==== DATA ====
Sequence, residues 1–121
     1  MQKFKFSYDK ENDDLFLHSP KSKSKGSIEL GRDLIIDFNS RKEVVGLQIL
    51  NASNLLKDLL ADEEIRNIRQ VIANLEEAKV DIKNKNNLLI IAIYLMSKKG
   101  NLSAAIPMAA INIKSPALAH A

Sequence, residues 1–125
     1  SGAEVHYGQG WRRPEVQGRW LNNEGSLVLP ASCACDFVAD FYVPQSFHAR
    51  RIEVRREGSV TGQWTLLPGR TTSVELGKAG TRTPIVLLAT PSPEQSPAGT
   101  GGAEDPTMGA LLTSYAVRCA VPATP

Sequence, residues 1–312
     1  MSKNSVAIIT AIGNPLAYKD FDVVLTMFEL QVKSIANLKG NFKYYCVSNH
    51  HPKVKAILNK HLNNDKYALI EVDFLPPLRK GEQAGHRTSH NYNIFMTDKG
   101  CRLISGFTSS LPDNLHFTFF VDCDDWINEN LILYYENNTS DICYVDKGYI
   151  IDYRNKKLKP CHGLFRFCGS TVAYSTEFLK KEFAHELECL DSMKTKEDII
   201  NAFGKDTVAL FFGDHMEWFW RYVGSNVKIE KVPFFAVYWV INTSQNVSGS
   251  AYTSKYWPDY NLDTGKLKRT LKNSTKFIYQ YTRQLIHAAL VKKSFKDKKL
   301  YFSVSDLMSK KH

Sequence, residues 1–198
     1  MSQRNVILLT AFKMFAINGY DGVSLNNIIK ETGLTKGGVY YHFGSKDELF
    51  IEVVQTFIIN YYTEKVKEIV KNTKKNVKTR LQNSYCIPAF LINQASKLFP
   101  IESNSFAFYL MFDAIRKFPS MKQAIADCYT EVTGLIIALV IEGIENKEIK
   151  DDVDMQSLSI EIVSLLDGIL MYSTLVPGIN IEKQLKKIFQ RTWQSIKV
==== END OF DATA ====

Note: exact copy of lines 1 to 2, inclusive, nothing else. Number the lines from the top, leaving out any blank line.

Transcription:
Sequence, residues 1–121
     1  MQKFKFSYDK ENDDLFLHSP KSKSKGSIEL GRDLIIDFNS RKEVVGLQIL